Future Trade Agreements

The UK's exit from the European Union affords our country the opportunity to pursue an ambitious trade agenda by striking new trade agreements with countries across the globe. That is why I welcome that four consultations have been launched to seek the public's views on the first of these potential bilateral agreements.
As we withdraw from the EU, during the implementation period, our country will be able to negotiate, sign, and ratify trade agreements that will come into force from January 2021. The Government has announced that public consultations will run ahead of any negotiations of new free trade agreements, with four already launched. These will seek views on possible trade agreements with the United States, Australia, and New Zealand, and on potential accession to the Comprehensive and Progressive Agreement for Trans-Pacific Partnership (CPTPP). 
The United States is our largest single trading partner, accounting for £112 billion of UK exports in 2017. With the US making up almost a quarter of world GDP, there is great potential in closer trade ties with our closest strategic ally. Similarly, with UK's exports to Australia and New Zealand increasing far faster than our global average, improved trade and investment relations with these countries could be hugely beneficial to UK exporters. Trade and investment working group discussions with all three countries have been constructive, with the governments of each having expressed their desire to enter into trade negotiations with the UK.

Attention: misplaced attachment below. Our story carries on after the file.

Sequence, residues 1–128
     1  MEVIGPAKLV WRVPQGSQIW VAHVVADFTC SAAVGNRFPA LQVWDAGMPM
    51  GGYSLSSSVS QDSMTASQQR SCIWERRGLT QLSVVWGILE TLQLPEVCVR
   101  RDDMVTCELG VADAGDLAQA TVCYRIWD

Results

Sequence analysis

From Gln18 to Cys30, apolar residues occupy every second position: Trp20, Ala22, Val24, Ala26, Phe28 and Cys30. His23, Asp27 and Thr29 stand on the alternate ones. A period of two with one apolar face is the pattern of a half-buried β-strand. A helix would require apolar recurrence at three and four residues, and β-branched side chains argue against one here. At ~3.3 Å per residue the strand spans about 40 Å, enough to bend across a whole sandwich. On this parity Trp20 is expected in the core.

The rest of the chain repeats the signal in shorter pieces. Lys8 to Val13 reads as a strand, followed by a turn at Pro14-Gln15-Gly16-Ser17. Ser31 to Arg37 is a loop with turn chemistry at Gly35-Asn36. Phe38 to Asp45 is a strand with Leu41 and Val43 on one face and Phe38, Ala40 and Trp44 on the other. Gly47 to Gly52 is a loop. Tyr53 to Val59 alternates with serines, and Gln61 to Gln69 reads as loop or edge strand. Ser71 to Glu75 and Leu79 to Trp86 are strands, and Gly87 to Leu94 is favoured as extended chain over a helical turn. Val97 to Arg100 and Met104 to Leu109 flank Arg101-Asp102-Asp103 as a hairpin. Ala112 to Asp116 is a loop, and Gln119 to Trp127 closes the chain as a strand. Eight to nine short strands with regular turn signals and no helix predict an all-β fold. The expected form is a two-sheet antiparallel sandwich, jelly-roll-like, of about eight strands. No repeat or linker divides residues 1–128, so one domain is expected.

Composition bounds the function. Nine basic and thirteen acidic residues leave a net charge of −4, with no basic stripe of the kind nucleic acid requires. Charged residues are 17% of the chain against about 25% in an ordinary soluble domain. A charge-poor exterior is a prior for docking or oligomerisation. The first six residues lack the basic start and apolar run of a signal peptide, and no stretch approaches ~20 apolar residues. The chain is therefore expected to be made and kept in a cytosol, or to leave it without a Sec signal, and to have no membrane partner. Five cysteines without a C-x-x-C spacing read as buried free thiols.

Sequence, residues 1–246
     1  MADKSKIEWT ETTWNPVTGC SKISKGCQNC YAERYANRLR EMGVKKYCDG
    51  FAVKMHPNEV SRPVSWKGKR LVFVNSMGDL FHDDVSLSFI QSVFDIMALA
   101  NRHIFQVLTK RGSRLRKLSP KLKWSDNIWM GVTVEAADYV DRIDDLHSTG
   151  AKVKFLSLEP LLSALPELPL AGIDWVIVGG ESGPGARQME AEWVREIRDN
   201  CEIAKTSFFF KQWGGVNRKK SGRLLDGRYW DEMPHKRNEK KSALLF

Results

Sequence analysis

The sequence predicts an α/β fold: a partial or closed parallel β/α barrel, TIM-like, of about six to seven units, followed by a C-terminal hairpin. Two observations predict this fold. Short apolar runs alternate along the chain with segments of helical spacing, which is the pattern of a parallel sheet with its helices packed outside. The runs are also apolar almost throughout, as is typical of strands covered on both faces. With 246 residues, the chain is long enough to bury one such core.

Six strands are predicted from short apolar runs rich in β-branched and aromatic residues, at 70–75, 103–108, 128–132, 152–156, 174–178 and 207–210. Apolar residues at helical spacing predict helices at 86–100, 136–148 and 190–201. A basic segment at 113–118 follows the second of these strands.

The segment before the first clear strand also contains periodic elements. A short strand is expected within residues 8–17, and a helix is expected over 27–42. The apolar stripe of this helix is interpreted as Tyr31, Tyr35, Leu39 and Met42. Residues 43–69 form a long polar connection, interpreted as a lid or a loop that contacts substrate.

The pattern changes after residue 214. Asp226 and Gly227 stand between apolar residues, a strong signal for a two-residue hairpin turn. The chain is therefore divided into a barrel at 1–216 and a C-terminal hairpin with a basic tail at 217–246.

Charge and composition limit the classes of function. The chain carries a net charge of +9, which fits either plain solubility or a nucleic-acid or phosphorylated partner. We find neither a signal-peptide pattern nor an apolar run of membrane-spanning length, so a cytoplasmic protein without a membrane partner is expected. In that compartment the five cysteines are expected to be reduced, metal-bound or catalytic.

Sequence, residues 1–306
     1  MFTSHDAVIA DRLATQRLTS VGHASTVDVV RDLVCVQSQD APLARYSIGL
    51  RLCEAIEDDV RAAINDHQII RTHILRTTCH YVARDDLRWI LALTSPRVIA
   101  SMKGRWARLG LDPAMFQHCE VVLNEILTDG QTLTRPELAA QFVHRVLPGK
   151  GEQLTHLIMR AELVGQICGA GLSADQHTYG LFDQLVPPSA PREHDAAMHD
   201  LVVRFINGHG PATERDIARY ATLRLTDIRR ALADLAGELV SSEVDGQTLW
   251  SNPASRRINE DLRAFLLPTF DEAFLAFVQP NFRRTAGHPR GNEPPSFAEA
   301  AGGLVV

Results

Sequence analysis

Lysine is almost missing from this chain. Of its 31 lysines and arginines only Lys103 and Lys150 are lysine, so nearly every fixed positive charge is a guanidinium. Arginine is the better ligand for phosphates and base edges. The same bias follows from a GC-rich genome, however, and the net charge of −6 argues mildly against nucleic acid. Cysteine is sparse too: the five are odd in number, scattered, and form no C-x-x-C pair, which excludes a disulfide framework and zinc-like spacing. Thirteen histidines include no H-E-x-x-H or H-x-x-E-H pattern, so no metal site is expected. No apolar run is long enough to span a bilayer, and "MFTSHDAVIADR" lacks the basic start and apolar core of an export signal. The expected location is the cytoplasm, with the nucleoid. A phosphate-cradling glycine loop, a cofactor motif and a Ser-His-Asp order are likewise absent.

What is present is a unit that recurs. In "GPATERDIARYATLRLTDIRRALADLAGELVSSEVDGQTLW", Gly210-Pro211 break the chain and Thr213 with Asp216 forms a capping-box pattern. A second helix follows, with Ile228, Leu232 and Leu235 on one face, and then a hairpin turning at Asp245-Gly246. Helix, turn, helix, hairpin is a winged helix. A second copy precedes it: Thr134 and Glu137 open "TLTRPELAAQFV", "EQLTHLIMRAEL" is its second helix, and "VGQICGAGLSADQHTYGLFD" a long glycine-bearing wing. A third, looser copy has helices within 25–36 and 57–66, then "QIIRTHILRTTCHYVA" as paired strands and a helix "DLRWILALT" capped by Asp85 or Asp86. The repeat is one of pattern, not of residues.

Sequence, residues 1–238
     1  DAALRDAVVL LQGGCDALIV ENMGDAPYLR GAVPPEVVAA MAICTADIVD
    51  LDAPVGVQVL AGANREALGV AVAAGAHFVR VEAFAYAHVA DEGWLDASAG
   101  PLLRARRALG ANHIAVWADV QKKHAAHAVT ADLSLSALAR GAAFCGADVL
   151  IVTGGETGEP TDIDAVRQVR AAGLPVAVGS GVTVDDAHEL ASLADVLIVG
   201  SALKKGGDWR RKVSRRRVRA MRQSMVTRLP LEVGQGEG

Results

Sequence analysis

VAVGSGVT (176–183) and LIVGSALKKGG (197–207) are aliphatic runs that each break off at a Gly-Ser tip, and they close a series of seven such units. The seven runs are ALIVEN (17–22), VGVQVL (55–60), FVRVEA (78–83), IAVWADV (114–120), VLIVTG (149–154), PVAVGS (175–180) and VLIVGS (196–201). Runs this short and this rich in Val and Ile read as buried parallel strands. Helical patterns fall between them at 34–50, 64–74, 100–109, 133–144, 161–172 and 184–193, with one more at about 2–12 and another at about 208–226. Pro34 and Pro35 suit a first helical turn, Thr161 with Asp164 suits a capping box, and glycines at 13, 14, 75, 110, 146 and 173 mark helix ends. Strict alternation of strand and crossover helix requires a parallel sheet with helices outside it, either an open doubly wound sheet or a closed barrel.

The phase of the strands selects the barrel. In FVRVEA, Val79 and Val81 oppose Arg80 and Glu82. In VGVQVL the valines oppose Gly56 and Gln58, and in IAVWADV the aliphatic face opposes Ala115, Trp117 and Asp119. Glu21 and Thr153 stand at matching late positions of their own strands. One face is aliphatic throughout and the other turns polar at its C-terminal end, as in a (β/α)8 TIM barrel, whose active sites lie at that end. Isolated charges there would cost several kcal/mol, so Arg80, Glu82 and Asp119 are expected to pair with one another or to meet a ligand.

CPTPP is a trade agreement between 11 countries in the Pacific region, who together constitute a market of 500 million people, covering over 13 per cent of world GDP. With over 7 per cent of the UK's exports going to these countries, accession to this free trade agreement could be hugely beneficial to our country's economy.